Wednesday, April 15, 2009

Bead Journal Project ~ April Challenges

Lots on my mind today... guess I'm avoiding the teach-in-Denver-checklist. But since I won't be an active blogger for the next two weeks, you get four subjects today. I'll begin with the two short ones:

Two Thimbles & Exciting Gallery Show

fabrics, buttons, ribbon from Two Thimbles Quilt Shop
Two thumbs way up for this chuck-a-block, full-of-great-fabrics-and-more shop! Two Thimbles Quilt Shop is located in Bellingham, WA on Cornwall Ave. If you're into batiks (like me!) or Civil War reproduction fabrics, you will be in heaven there. OMG, what a selection! I only had a half hour to shop, but would have been happy browsing for 2 or 3 hours. Above is a picture of a few things I bought there. These may have to be part of my May BJP. I also bought some interesting batiks that I hadn't seen anywhere else. The shop motto - Fabrics to inspire & delight! - is right on target!

And while you're in Bellingham, don't miss seeing a collaborative show of beads, fiber & photography by Carol Berry (my bead mentor!) and Paul Brower at the One of One Gallery (1418 N. State Street). Carol and Paul are there Friday - Sunday with works in progress to show how they do their magical pieces. The show runs through May 9th. Their work is fascinating, original and unique. I've never seen anything like it and I love it!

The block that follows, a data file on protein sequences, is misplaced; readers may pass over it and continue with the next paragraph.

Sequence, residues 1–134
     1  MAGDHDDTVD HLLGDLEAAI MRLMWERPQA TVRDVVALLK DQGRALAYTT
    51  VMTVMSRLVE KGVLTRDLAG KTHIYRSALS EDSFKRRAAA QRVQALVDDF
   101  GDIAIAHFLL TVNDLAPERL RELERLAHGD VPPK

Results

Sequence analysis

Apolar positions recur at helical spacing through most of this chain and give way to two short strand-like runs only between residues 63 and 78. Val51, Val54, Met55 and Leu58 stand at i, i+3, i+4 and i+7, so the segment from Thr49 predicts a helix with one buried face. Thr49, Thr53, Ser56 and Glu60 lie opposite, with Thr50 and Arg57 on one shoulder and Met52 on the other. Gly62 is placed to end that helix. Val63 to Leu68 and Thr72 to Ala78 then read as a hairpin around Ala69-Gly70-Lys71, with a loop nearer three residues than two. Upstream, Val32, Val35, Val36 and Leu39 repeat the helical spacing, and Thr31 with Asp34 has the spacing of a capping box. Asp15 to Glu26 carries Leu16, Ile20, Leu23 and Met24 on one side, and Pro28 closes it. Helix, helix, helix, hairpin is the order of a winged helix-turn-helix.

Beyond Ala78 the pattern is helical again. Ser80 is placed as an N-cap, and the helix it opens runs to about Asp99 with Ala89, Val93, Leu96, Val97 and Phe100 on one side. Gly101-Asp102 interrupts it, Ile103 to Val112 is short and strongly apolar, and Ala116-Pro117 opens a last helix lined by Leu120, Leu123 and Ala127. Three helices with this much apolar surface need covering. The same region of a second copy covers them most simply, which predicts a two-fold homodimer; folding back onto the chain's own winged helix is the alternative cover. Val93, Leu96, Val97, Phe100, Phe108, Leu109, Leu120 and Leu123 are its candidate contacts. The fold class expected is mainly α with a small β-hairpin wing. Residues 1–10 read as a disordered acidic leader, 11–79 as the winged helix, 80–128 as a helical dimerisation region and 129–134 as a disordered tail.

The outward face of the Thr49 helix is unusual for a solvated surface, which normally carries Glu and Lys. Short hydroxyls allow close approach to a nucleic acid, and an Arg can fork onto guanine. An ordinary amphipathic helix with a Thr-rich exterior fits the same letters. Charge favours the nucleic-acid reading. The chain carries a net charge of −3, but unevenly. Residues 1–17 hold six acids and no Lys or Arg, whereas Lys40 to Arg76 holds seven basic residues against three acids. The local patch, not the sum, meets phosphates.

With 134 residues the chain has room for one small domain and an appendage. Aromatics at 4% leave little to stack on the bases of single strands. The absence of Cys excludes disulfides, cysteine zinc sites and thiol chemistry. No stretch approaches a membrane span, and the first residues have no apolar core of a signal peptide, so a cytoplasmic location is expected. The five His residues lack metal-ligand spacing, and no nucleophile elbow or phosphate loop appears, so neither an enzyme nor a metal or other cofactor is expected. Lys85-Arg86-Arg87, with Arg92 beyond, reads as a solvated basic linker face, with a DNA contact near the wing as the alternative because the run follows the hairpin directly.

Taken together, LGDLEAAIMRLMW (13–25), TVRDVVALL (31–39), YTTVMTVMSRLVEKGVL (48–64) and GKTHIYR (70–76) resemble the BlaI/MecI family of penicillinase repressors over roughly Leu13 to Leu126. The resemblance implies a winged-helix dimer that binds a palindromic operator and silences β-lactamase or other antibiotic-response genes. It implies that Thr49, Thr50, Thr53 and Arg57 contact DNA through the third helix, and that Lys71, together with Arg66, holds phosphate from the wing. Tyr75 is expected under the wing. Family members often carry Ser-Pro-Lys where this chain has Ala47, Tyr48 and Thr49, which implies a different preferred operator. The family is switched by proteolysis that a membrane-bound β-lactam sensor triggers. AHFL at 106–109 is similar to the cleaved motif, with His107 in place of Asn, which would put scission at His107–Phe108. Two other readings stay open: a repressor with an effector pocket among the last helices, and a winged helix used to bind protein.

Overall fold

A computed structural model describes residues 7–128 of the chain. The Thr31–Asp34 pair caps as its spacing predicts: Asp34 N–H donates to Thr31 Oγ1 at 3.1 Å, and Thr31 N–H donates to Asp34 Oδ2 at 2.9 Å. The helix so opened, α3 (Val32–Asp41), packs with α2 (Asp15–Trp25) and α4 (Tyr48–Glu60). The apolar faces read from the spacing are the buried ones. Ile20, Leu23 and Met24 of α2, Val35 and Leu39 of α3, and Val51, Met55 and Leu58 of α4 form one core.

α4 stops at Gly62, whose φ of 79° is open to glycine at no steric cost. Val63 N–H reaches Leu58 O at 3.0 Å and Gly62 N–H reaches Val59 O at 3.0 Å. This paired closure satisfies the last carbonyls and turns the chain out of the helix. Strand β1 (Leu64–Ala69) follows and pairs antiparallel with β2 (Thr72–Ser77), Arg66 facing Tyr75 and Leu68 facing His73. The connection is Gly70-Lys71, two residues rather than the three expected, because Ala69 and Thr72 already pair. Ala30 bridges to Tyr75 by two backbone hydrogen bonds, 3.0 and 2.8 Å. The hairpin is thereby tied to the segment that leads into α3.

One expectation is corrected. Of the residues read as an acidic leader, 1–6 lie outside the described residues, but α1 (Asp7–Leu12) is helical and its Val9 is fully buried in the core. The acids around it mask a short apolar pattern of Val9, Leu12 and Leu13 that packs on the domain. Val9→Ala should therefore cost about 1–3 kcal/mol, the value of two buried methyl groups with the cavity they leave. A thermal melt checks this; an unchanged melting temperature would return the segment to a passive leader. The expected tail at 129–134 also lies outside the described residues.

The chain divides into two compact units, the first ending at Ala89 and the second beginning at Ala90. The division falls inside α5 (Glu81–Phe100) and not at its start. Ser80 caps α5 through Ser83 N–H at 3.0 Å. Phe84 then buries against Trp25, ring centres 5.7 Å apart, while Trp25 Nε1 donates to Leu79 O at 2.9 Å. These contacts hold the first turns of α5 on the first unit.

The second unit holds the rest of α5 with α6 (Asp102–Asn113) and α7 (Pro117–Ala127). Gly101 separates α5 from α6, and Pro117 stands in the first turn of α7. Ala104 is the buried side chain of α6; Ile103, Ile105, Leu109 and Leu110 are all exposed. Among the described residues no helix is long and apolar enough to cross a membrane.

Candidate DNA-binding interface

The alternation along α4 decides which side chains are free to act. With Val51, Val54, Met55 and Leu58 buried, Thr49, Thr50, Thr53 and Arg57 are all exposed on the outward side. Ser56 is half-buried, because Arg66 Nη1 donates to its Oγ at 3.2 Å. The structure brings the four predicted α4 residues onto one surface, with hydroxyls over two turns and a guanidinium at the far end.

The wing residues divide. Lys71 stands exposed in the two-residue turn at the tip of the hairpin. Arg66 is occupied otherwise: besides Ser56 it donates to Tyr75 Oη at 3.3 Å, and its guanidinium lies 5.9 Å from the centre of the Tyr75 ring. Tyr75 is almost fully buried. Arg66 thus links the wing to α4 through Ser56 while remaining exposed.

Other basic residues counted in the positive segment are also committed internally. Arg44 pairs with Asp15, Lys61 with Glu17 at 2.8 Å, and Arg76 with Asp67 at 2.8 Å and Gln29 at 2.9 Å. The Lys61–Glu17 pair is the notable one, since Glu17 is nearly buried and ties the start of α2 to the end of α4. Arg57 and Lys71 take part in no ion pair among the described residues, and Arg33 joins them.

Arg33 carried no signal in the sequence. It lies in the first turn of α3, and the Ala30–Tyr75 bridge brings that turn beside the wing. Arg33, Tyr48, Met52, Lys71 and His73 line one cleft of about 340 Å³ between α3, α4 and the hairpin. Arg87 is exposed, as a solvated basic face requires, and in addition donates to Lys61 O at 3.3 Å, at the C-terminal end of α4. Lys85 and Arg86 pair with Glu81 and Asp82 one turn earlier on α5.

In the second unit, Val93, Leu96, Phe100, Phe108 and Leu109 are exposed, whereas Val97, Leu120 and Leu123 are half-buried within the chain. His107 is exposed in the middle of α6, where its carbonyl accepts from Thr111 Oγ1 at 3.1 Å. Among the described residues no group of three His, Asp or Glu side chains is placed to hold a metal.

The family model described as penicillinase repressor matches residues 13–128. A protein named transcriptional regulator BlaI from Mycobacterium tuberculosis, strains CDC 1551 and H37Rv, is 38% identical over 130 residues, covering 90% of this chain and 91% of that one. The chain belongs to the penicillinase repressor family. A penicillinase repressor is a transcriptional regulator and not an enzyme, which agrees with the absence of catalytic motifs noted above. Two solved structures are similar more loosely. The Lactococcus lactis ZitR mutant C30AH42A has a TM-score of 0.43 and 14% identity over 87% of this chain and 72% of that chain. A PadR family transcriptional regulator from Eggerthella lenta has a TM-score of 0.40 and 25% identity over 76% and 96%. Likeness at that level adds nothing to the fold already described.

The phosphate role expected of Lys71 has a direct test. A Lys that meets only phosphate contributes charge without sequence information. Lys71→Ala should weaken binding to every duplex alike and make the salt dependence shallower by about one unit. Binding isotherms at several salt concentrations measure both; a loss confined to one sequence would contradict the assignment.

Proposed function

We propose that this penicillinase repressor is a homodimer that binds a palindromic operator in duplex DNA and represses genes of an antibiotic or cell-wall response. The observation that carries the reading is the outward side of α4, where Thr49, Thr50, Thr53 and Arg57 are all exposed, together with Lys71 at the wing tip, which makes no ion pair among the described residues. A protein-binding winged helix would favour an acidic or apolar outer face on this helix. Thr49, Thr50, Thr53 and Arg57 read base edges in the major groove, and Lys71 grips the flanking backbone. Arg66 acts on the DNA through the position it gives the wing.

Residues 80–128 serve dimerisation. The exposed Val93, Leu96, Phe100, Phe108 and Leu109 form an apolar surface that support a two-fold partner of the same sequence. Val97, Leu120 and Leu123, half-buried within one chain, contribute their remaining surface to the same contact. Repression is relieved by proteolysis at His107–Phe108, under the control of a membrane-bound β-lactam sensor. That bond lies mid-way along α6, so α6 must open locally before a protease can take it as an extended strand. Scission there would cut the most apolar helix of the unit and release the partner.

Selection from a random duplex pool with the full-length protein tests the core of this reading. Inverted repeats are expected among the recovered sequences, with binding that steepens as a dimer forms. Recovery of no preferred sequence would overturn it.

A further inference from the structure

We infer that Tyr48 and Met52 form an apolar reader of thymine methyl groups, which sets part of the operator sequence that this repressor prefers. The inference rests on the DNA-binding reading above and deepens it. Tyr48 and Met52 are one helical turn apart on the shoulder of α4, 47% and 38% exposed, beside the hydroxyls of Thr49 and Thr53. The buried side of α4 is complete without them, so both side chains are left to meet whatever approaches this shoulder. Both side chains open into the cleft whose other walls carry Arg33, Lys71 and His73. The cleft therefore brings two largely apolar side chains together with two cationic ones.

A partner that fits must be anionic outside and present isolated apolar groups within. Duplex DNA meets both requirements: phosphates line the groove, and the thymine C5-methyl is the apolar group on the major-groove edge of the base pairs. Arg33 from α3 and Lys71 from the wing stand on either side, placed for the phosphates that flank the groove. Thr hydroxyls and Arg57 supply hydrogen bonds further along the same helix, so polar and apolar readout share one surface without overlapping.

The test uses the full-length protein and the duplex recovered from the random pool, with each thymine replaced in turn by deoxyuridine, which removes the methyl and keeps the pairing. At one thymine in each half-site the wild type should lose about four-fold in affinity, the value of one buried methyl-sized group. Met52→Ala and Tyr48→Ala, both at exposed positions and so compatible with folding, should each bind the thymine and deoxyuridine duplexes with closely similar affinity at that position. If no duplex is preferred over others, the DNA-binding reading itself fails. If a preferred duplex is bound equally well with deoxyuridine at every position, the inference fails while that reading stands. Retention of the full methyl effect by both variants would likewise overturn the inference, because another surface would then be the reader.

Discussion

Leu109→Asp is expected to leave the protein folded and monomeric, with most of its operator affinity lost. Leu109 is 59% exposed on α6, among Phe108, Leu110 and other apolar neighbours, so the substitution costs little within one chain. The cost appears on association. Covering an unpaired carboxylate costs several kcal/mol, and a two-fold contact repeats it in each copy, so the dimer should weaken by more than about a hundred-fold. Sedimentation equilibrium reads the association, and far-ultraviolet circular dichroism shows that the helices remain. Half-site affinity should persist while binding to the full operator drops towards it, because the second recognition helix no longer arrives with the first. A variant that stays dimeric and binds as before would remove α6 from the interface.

Bead Journal Presentation in Denver April 23

If you're in the Denver area, you might want to attend the meeting of the Rocky Mountain Bead Society Thursday evening, April 23rd. I will be giving a Powerpoint presentation about the Bead Journal Project!

Visual Journaling with Beads, Fibers, Threads and Fabric

View over 200 beaded journal pieces by 42 artists participating in the 2007-08 Bead Journal Project! Compelling and inspirational, this unique beadwork tells stories, reveals emotions and follows important events in the lives of the artists who create a visual journal each month during the year-long project. In this presentation, you will see how the first year of the BJP developed into quite an amazing body of art!

April BJP ~ Progress Report & New Challenges

In all my 20 years of bead embroidery, I have never attempted (or been interested in) making a realistic picture of anything. I admire work by artists who do, but it just hasn't been my thing.

Well, here are a couple of pictures of why I'm going to give realistic a try for my April BJP:

waterfall on Three Corner Lake Road, San Juan Island
waterfall on Three Corner Lake Road, San Juan Island, detail